Bangladesh jails five militants for 2005 bombing

Observers see sentences as start of govt crackdown on hardline Islamic group
Bangladesh jails five militants for 2005 bombing

Police officials carry a suspected member of the Jama'atul Mujahideen Bangladesh group after the man allegedly hurled an explosive inside a court building in the district of Chittagong in southeast Bangladesh in this Oct. 2, 2005 file photo. (Photo by AFP)

A Bangladeshi court has sentenced five members of a banned Islamic militant group to 10 years in jail for their involvement in series of bomb attacks in 2005.

The court on Jan. 18 found the five men guilty of being behind three bomb blasts in the southeastern town of Rangamati on Aug. 17, 2005. Another man was acquitted.

The bombings were part of a synchronized bombing blitz across the country that day by the hardline Jama'atul Mujahideen Bangladesh (JMB) group.

JMB detonated 300 crude bombs almost simultaneously in 63 of Bangladesh's 64 districts.

The bombings were part of a campaign to replace British common law, a legacy of British colonial rule in the Indian subcontinent, with sharia law.

The campaign also saw the JMB and another banned militant group, Harakat-ul-Jihad, target and bomb various cultural and political events including courthouses, that left more than 30 people dead.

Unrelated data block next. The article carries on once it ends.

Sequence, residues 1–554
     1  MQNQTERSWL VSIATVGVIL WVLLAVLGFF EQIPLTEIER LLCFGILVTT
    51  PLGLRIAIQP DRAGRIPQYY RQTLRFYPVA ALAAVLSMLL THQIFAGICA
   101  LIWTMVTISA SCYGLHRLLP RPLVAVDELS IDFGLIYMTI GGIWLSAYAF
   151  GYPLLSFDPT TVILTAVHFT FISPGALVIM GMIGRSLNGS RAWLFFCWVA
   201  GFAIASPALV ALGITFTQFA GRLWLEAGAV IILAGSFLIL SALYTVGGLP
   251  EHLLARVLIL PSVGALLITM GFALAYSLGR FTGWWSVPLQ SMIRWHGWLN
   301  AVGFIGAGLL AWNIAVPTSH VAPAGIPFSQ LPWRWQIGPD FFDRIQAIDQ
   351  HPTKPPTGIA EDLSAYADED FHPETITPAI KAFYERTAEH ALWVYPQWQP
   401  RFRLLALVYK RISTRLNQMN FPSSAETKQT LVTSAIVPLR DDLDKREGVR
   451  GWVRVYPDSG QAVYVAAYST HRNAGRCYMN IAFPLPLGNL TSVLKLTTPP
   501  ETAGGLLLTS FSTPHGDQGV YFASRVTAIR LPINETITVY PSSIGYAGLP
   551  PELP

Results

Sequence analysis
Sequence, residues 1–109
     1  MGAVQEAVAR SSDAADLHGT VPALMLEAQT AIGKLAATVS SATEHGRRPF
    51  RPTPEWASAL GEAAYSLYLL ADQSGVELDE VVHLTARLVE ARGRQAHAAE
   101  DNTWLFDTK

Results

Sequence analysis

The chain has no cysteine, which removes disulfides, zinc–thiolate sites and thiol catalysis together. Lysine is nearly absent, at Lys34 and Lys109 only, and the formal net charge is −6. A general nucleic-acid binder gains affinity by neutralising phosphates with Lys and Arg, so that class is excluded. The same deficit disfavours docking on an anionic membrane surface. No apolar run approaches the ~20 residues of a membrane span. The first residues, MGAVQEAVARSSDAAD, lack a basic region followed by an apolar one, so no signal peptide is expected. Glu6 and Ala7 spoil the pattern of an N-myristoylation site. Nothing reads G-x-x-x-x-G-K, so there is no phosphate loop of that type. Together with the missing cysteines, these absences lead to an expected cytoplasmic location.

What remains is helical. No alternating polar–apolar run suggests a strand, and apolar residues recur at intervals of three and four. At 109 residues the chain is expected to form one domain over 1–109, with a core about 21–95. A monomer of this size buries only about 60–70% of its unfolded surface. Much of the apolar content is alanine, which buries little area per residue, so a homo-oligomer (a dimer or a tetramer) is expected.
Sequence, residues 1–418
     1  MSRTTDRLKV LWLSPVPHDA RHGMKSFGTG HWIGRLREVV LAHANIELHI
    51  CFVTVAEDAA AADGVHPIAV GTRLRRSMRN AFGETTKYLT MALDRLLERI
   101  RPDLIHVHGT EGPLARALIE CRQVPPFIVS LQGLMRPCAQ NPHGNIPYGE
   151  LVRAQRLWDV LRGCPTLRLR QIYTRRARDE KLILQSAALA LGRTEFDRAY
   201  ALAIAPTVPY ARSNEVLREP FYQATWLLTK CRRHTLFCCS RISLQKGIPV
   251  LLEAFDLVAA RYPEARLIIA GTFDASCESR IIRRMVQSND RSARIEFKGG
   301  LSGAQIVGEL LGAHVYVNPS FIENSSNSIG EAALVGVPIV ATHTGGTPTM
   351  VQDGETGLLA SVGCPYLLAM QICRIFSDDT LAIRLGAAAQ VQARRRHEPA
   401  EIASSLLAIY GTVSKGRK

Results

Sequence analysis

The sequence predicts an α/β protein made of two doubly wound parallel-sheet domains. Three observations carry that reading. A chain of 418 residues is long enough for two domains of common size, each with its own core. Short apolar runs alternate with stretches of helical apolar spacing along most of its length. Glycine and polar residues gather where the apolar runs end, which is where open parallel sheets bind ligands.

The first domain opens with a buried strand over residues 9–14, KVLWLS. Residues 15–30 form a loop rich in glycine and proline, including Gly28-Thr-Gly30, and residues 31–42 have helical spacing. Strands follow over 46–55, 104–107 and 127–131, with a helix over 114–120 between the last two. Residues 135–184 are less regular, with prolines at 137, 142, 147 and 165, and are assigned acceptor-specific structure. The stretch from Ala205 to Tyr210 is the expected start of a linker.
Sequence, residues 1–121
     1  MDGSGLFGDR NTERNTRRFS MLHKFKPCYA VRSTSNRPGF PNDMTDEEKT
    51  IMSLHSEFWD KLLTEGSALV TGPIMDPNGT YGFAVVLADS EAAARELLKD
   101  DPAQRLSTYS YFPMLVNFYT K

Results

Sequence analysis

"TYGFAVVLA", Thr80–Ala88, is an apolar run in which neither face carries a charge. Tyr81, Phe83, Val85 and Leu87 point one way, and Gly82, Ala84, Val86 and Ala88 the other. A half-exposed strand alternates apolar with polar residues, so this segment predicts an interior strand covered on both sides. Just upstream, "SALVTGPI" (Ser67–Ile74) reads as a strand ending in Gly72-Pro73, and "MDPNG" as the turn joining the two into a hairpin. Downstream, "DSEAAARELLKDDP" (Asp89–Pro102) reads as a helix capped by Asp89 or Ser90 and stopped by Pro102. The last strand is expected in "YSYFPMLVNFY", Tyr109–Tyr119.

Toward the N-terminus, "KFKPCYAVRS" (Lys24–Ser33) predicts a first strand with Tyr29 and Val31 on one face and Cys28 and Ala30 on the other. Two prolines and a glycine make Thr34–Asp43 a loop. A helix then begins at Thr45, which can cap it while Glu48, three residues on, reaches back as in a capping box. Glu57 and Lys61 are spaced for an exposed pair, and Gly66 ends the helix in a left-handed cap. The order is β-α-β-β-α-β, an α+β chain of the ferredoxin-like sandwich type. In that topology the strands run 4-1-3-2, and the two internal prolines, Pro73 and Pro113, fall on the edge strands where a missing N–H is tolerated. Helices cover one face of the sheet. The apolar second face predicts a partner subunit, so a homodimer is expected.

Kangaroo courts were set up in northern areas and JMB members publicly executed people for allegedly violating Sharia.

The government responded by arresting dozens of JMB members and most of its top leaders in 2006, executing six of them in 2007.

Despite keeping a low profile since then, the group has been blamed for a series of recent attacks, including the bombing of a Shiite shrine in Dhaka and the shooting of three foreigners, two of whom died.

Bangladesh has seen sharp rise in Islamic fundamentalism since last year prompting the government to intensify a crackdown on local militant groups, which has seen dozens of JMB members arrested, their camps busted and at least five killed in police shootouts.

Christian activists say the jailing of the five men might be an effort to prevent the group making a comeback.

"Recent violence … shows the JMB is gaining strength. The government must continue efforts to stop them, because JMB's purpose of establishing Islamic state is unacceptable in a modern, democratic world," said Theophil Nokrek, secretary of the Catholic bishops' Justice and Peace Commission.

Catholic rights activist Rosaline Costa said the government can't be complacent in arresting and jailing militants.

"The government must strike hard before things get out of control," she said.

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